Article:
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Evidence-Based Treatments in Community Mental Health Settings: Use and Congruence With Children’s Primary Diagnosis and Comorbidity

Evidence-Based Treatments in Community Mental Health Settings: Use and Congruence With Children’s... Many evidence-based treatments (EBTs) have been identified for specific child mental health disorders, but there is limited research on the use of EBTs in community-based settings. This study used administrative data from a statewide system of care to examine 1) the extent to which EBTs were provided congruent with the child’s primary diagnosis, 2) whether there were differences in effectiveness of EBTs that were congruent or incongruent with the child’s primary diagnosis, and 3) whether comorbidity moderated the effectiveness of EBTs for children based on congruence with their primary diagnosis. The sample consisted of 23,895 children ages 3–17 with at least one of the most common diagnoses (attention-deficit/hyperactivity disorder, conduct problems, depressive disorders, anxiety disorders, and post-traumatic stress disorder) who received outpatient psychotherapy. Data were collected as part of routine care, including child demographic characteristics, diagnosis, treatment type, and problem severity. Forty-two percent of children received an EBT congruent with their diagnosis, and these children showed greater improvement than the 35% of children who received no EBT (ES = 0.14–0.16) or the 23% who received an EBT incongruent with their diagnosis (ES = 0.06–0.15). For children with comorbid diagnoses, the use of EBTs congruent with the primary diagnosis was also associated with the greatest improvement, especially when compared to no EBT (ES = 0.22–0.24). Results of the current study support the use of EBTs in community-based settings, and suggest that clinicians should select EBTs that match the child’s primary diagnosis to optimize treatment outcomes, especially for children with comorbidity. http://www.deepdyve.com/assets/images/DeepDyve-Logo-lg.png Journal of Abnormal Child Psychology Springer Journals

Evidence-Based Treatments in Community Mental Health Settings: Use and Congruence With Children’s Primary Diagnosis and Comorbidity

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Publisher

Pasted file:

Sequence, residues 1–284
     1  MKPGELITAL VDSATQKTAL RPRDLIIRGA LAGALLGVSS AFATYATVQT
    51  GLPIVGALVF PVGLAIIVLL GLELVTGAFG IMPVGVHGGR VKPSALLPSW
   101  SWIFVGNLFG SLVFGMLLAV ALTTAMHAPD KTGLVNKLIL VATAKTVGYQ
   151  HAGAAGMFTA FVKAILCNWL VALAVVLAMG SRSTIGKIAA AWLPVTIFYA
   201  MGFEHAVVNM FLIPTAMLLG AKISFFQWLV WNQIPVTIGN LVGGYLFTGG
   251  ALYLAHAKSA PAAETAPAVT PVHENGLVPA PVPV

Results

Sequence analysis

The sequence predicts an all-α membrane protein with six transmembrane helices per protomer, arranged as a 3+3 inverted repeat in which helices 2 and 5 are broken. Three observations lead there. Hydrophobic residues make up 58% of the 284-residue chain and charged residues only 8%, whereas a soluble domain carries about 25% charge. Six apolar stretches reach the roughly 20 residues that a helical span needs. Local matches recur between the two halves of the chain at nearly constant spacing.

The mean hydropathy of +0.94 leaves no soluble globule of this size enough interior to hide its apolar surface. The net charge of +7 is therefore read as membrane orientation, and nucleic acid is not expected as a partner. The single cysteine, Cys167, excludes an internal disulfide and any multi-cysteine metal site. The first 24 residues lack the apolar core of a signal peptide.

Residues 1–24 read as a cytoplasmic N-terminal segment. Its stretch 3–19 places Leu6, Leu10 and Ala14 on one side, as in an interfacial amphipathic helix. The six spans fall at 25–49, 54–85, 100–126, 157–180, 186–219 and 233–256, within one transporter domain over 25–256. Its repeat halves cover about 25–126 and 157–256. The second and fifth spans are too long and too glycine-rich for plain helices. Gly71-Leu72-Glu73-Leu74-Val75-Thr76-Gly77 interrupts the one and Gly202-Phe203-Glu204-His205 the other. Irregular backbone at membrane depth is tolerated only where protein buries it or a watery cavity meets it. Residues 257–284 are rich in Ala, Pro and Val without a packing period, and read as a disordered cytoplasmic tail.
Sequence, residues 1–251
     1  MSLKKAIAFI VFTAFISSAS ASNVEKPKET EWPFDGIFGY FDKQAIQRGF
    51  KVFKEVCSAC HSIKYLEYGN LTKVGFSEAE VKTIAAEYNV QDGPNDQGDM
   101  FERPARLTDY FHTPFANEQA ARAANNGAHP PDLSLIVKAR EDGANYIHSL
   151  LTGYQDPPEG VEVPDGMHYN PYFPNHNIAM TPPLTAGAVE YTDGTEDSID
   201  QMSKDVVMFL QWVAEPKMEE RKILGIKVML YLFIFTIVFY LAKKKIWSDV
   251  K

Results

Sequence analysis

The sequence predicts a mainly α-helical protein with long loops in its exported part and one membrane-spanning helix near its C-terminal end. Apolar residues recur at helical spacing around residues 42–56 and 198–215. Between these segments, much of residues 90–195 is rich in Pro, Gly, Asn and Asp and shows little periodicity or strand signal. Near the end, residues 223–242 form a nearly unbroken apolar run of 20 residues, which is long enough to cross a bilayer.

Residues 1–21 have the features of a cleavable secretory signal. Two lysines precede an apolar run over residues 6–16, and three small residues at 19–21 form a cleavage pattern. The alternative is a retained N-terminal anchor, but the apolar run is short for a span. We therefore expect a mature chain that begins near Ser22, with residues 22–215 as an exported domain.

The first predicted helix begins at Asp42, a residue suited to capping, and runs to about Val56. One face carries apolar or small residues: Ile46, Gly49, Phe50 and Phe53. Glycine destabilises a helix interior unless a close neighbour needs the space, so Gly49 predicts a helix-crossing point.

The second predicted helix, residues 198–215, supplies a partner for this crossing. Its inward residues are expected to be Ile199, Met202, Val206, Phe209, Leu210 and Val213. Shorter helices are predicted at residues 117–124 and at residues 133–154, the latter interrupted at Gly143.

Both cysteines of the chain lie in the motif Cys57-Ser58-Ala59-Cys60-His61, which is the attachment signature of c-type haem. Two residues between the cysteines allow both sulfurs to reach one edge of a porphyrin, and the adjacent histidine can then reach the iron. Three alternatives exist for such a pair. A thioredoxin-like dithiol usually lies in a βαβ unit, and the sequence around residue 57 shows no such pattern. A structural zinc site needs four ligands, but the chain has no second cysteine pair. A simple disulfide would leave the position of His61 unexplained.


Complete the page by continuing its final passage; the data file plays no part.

Springer Journals
Copyright
Copyright © The Author(s), under exclusive licence to Springer Science+Business Media, LLC, part of Springer Nature 2021
ISSN
0091-0627
eISSN
2730-7174
DOI
10.1007/s10802-021-00877-y
Publisher site
See Article on Publisher Site

Abstract

Many evidence-based treatments (EBTs) have been identified for specific child mental health disorders, but there is limited research on the use of EBTs in community-based settings. This study used administrative data from a statewide system of care to examine 1) the extent to which EBTs were provided congruent with the child’s primary diagnosis, 2) whether there were differences in effectiveness of EBTs that were congruent or incongruent with the child’s primary diagnosis, and 3) whether comorbidity moderated the effectiveness of EBTs for children based on congruence with their primary diagnosis. The sample consisted of 23,895 children ages 3–17 with at least one of the most common diagnoses (attention-deficit/hyperactivity disorder, conduct problems, depressive disorders, anxiety disorders, and post-traumatic stress disorder) who received outpatient psychotherapy. Data were collected as part of routine care, including child demographic characteristics, diagnosis, treatment type, and problem severity. Forty-two percent of children received an EBT congruent with their diagnosis, and these children showed greater improvement than the 35% of children who received no EBT (ES = 0.14–0.16) or the 23% who received an EBT incongruent with their diagnosis (ES = 0.06–0.15). For children with comorbid diagnoses, the use of EBTs congruent with the primary diagnosis was also associated with the greatest improvement, especially when compared to no EBT (ES = 0.22–0.24). Results of the current study support the use of EBTs in community-based settings, and suggest that clinicians should select EBTs that match the child’s primary diagnosis to optimize treatment outcomes, especially for children with comorbidity.

Journal

Journal of Abnormal Child PsychologySpringer Journals

Published: Oct 18, 2021

Keywords: Evidence-based treatments; Child mental health; Psychotherapy; Community-based settings

References